Posting naked photos of your children on Facebook – FPB may charge you with child porn

German police recently issued a warning to parents to stop posting photos of their children on Facebook and other social media platforms.

The Hagen Police post said that while parents think the photos are sweet, it can result in embarrassment for children. The photos of children could also be exploited by bullies or paedophiles.

This warning coincides with the current push by the Film and Publication Board (FPB) in South Africa to regulate online content in the country – including the classifying of material published on platforms such as Facebook.

The FPB published its Draft Online Regulation Policy in the Government Gazette of 4 March 2015.

In August 2015, the South African Cabinet approved the introduction of a Films and Publications Amendment Bill into the Parliamentary process.

Nude photos of children on Facebook

MyBroadband spoke to the FPB about the consequences parents could face if they post naked photos of their young children on Facebook.

“The FPB is currently embarking on education [drives] and outreaches to address issues related to cyber security and how paedophiles operate,” said the FPB.

“It is very important for parents and caregivers to understand, as innocent nude pictures of children can be stolen and circulated among paedophiles to satisfy their sexual and evil appetite.”

The FPB said: “Any person who knowingly makes available… or in any way distributes or causes to be made available… scenes of child pornography… shall be guilty of an offence.”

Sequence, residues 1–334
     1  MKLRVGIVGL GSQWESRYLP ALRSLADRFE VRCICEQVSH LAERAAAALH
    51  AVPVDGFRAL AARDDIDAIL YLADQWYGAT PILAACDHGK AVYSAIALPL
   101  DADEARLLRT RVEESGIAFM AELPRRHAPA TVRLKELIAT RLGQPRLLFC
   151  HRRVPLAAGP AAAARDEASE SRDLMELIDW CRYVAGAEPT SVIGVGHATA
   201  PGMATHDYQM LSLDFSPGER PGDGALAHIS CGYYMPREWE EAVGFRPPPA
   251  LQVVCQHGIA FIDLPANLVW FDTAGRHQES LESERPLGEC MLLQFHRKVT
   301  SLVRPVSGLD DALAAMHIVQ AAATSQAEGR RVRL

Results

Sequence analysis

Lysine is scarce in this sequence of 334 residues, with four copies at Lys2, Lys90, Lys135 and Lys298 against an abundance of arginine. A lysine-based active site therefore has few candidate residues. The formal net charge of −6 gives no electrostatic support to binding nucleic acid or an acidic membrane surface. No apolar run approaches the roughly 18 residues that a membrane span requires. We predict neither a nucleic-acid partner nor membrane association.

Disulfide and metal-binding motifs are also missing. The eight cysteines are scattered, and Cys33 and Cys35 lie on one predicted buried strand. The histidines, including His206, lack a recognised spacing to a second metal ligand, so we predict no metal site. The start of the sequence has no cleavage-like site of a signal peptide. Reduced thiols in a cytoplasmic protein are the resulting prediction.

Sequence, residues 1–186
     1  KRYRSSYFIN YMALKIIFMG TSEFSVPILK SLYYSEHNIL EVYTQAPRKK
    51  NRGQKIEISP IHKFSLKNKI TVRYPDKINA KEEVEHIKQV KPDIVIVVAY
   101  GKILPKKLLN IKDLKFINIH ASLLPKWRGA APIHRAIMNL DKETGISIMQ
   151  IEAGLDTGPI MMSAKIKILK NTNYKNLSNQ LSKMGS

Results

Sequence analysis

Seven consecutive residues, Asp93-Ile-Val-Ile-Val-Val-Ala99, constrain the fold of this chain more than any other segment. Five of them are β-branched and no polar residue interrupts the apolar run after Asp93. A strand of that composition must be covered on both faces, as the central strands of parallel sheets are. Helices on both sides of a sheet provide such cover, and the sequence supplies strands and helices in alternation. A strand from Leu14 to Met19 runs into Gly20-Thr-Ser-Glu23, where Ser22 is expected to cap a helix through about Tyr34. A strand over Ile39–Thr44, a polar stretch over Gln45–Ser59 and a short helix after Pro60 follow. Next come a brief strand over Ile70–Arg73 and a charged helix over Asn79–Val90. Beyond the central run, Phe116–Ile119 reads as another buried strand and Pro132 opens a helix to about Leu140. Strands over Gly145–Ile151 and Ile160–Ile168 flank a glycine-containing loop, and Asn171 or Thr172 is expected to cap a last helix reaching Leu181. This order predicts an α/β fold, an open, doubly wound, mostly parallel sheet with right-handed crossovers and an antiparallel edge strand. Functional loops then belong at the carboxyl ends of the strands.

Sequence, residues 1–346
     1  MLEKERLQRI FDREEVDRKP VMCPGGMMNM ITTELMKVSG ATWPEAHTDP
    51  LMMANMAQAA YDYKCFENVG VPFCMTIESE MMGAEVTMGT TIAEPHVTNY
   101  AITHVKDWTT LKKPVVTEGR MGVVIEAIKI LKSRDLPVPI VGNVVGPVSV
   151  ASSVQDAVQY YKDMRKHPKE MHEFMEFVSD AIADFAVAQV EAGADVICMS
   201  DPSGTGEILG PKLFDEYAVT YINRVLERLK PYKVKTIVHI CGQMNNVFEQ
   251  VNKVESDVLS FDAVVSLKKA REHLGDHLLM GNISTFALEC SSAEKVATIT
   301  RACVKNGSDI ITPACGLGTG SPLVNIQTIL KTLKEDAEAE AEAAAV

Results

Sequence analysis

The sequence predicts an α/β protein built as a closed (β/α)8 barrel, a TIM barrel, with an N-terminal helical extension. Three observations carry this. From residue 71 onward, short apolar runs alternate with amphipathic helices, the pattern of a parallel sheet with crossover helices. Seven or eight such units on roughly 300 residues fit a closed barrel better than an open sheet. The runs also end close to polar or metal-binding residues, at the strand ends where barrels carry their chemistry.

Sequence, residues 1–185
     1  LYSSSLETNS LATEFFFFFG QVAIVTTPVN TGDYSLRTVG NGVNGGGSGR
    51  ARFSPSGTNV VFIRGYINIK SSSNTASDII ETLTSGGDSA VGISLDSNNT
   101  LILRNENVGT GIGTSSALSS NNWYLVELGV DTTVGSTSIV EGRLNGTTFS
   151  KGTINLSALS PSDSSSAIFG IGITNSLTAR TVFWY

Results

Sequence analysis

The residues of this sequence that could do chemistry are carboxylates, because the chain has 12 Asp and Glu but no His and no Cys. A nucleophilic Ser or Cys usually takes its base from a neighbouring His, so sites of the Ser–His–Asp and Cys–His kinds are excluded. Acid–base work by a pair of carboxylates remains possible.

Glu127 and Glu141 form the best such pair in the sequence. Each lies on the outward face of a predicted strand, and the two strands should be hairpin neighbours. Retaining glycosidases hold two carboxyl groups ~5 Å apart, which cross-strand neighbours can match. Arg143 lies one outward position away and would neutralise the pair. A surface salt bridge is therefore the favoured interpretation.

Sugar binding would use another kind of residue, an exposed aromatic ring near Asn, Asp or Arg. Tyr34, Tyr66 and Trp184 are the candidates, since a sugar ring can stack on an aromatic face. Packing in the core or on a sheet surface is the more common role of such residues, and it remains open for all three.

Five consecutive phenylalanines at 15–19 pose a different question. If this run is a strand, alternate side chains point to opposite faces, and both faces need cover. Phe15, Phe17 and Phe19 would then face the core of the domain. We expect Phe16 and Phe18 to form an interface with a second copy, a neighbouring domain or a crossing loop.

According to the FPB’s website, child pornography is defined as “any image or description of sexual conduct involving persons under the age of 18 years”.

It did not state whether nude photos of young children posted by their parents would be considered pornography, when asked.

According to local reports, “normal” naked photos of children are considered pornography, though – as stated by child protection experts and academics.

Even if the images are taken and published with consent or by the child’s parents, they will be considered child pornography.

If the content is considered pornography, the case will be referred to the SAPS, said the FPB.

“If [the content] is not hosted within the republic, we refer the matter to INHOPE for escalation to the relevant authority of the identified country.”

More on Facebook

Don’t fall for these Facebook scams

Facebook fixes iPhone battery drain issue

Latest news

Partner Content

Show comments

Recommended

Share this article
Posting naked photos of your children on Facebook – FPB may charge you with child porn